The file-system API of contemporary systems makes programs vulnerable to TOCTTOU (time-of-check-to-time-of-use) race conditions. Existing solutions either help users to detect these problems (by pinpointing their locations in the code), or prevent the problem altogether (by modifying the kernel or its API). But the latter alternative is not prevalent, and the former is just the first step: Programmers must still address TOCTTOU flaws within the limits of the existing API with which several important tasks cannot be accomplished in a portable straightforward manner. Recently, Dean and Hu  addressed this problem and suggested a probabilistic hardness amplification approach that alleviated the matter. Alas, shortly after, Borisov et al.  responded with an attack termed filesystem maze that defeated the new approach.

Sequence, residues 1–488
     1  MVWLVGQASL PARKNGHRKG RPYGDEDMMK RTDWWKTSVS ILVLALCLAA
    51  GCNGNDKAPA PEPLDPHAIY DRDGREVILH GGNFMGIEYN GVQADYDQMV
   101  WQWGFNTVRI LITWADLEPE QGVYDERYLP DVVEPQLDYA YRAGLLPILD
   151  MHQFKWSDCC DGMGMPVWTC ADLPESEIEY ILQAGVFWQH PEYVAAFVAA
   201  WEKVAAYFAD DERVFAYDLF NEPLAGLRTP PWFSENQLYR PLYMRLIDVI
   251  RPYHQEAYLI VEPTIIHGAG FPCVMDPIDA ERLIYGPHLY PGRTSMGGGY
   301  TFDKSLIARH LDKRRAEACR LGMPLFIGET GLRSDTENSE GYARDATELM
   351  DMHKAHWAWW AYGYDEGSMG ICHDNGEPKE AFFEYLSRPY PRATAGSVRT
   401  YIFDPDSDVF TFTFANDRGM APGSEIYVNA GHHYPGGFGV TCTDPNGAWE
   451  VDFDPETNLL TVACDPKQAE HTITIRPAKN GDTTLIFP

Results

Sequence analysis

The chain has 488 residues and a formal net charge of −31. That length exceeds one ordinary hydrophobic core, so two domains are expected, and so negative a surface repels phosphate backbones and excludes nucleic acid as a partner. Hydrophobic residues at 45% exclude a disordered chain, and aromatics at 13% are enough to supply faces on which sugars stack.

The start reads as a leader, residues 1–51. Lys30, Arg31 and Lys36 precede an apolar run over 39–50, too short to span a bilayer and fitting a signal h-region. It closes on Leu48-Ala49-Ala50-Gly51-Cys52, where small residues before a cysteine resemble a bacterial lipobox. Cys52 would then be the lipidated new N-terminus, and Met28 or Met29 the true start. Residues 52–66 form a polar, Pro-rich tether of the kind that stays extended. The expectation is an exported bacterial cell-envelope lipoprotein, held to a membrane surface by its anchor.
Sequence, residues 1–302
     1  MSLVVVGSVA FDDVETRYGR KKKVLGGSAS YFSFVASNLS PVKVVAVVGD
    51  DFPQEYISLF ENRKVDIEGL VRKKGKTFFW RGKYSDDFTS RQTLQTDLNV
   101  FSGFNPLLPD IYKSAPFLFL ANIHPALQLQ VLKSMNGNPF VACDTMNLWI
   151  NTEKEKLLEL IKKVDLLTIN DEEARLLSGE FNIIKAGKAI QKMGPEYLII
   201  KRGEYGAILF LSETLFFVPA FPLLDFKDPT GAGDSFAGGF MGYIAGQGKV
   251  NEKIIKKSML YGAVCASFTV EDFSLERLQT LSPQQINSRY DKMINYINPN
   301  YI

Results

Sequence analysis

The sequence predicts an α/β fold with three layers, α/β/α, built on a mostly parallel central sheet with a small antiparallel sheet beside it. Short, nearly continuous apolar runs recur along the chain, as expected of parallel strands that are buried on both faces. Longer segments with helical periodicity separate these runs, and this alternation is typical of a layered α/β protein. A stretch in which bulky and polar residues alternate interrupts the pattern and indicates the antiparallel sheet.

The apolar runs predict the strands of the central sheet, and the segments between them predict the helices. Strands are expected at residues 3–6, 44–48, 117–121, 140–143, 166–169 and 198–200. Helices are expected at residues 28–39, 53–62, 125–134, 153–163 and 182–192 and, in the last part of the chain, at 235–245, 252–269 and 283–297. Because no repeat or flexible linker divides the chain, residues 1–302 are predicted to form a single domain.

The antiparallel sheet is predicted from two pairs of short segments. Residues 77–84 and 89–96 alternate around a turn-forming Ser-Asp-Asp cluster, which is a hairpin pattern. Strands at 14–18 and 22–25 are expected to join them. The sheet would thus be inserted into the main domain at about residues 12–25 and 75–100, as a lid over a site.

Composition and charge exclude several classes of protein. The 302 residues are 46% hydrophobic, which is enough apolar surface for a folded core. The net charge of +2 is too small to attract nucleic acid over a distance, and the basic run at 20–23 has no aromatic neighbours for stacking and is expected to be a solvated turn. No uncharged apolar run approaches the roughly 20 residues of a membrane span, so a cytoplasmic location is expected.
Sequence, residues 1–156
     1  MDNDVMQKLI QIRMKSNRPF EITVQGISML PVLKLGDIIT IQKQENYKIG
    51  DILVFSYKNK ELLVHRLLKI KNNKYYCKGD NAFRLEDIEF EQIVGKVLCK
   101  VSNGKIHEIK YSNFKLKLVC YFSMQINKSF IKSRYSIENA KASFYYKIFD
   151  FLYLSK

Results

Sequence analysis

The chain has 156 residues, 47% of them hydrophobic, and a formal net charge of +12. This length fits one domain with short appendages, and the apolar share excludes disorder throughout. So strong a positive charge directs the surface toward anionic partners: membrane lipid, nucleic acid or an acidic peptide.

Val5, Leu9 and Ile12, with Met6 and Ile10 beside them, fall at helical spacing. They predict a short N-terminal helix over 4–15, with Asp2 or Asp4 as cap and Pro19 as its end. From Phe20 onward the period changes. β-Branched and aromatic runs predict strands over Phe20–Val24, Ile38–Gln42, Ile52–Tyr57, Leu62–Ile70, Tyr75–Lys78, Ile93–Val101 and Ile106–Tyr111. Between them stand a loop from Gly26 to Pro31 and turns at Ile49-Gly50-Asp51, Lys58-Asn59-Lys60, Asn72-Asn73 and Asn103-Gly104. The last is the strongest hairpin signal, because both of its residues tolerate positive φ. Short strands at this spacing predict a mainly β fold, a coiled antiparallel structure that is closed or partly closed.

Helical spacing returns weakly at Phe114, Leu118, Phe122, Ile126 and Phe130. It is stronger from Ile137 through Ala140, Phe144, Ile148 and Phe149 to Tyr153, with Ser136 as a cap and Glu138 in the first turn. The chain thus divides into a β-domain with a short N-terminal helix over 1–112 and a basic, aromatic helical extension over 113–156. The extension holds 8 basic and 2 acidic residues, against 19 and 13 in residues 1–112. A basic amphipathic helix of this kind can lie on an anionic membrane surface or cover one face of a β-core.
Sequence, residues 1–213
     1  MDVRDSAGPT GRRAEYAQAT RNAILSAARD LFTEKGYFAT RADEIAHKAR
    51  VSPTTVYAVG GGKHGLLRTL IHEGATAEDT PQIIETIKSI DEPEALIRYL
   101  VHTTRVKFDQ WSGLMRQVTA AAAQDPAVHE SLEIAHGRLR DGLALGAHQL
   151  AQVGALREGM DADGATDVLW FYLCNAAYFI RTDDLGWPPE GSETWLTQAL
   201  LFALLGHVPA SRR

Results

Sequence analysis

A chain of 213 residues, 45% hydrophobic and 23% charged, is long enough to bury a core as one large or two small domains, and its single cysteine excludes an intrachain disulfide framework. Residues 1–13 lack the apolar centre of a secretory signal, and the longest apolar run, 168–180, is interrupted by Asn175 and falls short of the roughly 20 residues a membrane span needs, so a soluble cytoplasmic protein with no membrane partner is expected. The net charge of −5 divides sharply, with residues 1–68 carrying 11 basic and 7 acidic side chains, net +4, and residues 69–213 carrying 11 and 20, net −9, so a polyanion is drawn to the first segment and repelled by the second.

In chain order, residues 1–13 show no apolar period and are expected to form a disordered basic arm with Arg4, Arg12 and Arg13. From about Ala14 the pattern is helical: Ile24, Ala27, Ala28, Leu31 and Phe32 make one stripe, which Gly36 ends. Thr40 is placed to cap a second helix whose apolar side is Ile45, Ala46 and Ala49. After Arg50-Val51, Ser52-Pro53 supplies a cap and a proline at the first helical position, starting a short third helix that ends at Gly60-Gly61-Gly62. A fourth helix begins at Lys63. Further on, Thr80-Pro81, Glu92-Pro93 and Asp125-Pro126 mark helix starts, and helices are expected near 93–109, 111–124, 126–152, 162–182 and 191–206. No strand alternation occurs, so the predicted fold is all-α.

We begin by noting that mazes constitute a generic way to deterministically win many TOCTTOU races (gone are the days when the probability was small). In the face of this threat, we: (1) develop a new user-level defense that can withstand mazes; and (2) show that our method is undefeated even by much stronger hypothetical attacks that provide the adversary program with ideal conditions to win the race (enjoying complete and instantaneous knowledge about the defending program's actions and being able to perfectly synchronize accordingly). The fact that our approach is immune to these unrealistic attacks suggests it can be used as a simple and portable solution to a large class of TOCTTOU vulnerabilities, without requiring modifications to the underlying operating system.